In her debut prose YA novel, Comics Will Break Your Heart, Faith Erin Hicks takes on contemporary romance with a nerdy twist. Check out our interview below to find out where the idea came from, what surprised her most about publishing a YA book, and more:
Where did the idea for Comics Will Break Your Heart come from?
When I first started working on Comics Will Break Your Heart, it was a back up idea for a new graphic novel. I wanted to write and draw a middle grade fantasy series, which eventually became the Nameless City trilogy, but it hadn’t sold to a publisher yet, and I wasn’t sure if it WOULD sell, so I started developing Comics Will Break Your Heart as a possible pitch idea. Then Nameless City sold to my publisher First Second Books, but I still liked the idea of Comics Will Break Your Heart, especially the themes of art verses money and the rights of comic book creators. I’d never written a prose novel before, but I just started writing it, and then added in my feelings about growing up in a small Canadian town, living in Nova Scotia and being the only kid who moved far away from her family. A few years later, Comics Will Break Your Heart was an actual finished book! I honestly wasn’t sure if I’d actually finish the thing, but I did, and now it’s being published and it’s all pretty magical.
Do you consider yourself a pantser, plotter, or something in between? What was your process while writing Comics Will Break Your Heart?
Haha, I can’t say I had much of a process, to be honest! My process is “hm, I’m hiding in a corner at an airport and I have an hour before my flight leaves, let’s see how much writing I can get done in that time.” When I write and draw comics, I’m very methodical. I have many steps I take before I start drawing the book. I do an outline, I do thumbnails, I write the script. Only then do I start drawing the finished graphic novel. But with Comics Will Break Your Heart it was fun to just dive in and see where the story took me.
Comics Will Break Your Heart is your debut prose novel. Was there anything that surprised you on your path to publication when compared to your previous experiences with graphic novels?
Just how much bigger the YA book industry is! It’s huge! So many people! The comic book industry is tiny, and everyone knows everyone else, which can be weird.
I loved reading about Miriam and Weldon’s relationship and their families’ drama. What did you enjoy most about telling this story, and what did you find most challenging?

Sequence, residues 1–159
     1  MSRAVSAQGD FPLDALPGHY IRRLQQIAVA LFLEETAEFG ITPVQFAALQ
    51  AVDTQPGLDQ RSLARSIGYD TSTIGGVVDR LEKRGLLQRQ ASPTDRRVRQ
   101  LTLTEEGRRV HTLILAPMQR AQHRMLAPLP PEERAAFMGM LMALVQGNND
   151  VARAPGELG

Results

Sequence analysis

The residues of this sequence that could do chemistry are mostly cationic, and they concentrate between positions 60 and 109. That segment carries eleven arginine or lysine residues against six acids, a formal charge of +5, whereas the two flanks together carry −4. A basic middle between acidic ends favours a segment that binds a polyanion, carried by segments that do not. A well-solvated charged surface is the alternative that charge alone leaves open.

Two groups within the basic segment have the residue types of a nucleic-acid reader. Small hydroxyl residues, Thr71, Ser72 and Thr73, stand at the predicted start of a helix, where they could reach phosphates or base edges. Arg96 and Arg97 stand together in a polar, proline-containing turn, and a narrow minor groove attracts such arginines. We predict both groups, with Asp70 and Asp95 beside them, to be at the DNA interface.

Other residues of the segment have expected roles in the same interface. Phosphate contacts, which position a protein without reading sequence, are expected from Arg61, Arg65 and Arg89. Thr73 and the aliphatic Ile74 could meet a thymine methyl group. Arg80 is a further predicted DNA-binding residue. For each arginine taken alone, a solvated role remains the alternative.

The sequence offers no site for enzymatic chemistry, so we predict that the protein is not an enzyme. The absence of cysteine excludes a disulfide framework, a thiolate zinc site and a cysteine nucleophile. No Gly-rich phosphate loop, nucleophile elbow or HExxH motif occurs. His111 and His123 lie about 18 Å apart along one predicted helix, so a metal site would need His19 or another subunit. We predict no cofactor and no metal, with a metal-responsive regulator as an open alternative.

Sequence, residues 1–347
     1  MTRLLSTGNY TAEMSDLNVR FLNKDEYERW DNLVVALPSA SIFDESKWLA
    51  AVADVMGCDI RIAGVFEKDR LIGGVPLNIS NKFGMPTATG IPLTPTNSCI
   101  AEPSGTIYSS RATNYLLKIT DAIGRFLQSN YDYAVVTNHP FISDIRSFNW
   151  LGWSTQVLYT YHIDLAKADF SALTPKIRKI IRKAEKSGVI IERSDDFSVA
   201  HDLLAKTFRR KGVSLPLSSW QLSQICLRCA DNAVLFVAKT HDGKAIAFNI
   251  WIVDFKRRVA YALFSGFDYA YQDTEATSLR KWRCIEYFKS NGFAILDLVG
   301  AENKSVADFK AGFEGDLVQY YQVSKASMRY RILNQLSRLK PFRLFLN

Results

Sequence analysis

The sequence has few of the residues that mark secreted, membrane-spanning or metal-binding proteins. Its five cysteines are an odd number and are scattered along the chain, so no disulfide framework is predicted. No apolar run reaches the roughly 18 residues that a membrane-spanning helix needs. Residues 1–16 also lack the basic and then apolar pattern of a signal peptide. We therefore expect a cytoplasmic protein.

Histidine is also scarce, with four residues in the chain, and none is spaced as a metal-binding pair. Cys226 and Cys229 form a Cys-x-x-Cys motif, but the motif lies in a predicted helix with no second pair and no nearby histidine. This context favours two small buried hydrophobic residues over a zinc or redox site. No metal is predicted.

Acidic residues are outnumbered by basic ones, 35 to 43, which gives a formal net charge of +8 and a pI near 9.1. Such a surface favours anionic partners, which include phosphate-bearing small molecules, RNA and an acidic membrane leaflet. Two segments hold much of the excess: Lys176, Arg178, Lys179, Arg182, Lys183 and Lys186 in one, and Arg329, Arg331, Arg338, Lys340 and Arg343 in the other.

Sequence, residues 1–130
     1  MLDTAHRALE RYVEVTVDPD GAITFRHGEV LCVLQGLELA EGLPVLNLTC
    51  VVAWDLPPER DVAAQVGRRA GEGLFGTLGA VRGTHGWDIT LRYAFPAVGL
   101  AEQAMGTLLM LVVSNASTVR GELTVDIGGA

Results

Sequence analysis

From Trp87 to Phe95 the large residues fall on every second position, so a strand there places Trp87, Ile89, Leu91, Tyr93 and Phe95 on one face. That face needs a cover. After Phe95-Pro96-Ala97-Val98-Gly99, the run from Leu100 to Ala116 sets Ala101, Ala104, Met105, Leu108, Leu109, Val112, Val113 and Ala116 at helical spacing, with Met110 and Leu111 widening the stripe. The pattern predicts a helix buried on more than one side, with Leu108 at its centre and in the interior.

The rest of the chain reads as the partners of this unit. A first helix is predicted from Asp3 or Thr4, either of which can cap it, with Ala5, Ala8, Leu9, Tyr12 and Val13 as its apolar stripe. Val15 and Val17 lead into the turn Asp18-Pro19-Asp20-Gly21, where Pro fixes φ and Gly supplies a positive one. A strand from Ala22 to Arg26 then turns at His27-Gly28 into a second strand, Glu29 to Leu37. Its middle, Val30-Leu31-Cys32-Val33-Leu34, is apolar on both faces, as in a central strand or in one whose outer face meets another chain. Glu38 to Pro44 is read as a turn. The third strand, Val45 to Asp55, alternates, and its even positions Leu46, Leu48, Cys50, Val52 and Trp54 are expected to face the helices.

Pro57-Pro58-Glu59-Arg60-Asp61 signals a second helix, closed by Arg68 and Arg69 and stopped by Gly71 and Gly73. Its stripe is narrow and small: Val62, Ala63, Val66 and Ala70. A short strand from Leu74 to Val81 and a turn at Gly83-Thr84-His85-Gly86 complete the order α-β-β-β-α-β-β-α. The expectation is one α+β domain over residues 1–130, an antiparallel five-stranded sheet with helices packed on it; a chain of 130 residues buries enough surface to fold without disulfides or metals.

I actually really enjoyed dunking on cartoonists and what a nutty lot we are. ;) I’ve been making comics since I was a teenager, and it’s absolutely my life’s work and my passion, but you have to have a little bit of madness in you to make comics your job. It was really funny to write that observation from an outside perspective, such as when Weldon talks about the comic book writers and artists who used to hang out at his parents’ house.
If you could spend a day with a character from Comics Will Break Your Heart, who would it be and why?
There’s a character at the end of the book called Stuart Samuel. He’s a comic book artist and a bit of a salty guy, with his own opinions about comics. He’s based a tiny bit on someone in comics who I have great respect for, and I’d love to hang out with him and just talk about this bizarre art form and industry.
About the book:
Miriam’s family should be rich. After all, her grandfather was the co-creator of smash-hit comics series The TomorrowMen. But he sold his rights to the series to his co-creator in the 1960s for practically nothing, and now that’s what Miriam has: practically nothing. And practically nothing to look forward to either-how can she afford college when her family can barely keep a roof above their heads? As if she didn’t have enough to worry about, Miriam’s life gets much more complicated when a cute boy shows up in town . . . and turns out to be the grandson of the man who defrauded Miriam’s grandfather, and heir to the TomorrowMen fortune.
About the author:
Faith Erin Hicks is a Canadian writer and artist. She worked in the animation industry for several years before transitioning into writing and drawing comics full time in 2008. She started making comics “for fun” and putting them on the web when she was in college. Her first published work was Zombies Calling (SLG Publishing) in 2007. Since then, she has published a number of other graphic novels, including The War at Ellsmere (SLG), Brain Camp (with Susan Kim and Laurence Klavan, First Second Books), Friends with Boys (First Second Books), Nothing Can Possibly Go Wrong (with Prudence Shen, First Second Books), The Adventures of Superhero Girl (Dark Horse Comics), The Last of Us: American Dreams (with Neil Druckmann, Dark Horse Comics), and the Bigfoot Boy series (with J. Torres, Kids Can Press). She won an Eisner Award in 2014 for The Adventures of Superhero Girl.
Faith currently lives in Vancouver, BC with her partner, Tim, and their helpful cat.
Comics Will Break Your Heart is on sale now!